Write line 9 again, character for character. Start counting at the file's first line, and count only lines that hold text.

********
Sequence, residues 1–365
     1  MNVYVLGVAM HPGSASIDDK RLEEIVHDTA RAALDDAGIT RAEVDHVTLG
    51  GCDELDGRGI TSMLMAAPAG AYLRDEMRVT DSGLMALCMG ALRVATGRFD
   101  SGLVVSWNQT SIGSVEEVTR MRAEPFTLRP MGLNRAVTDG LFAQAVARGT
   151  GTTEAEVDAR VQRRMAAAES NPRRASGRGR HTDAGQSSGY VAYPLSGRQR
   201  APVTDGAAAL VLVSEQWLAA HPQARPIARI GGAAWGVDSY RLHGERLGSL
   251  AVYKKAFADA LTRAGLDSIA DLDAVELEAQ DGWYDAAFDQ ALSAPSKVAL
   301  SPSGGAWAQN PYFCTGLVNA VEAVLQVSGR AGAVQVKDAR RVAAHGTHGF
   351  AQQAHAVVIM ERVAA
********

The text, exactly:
   351  AQQAHAVVIM ERVAA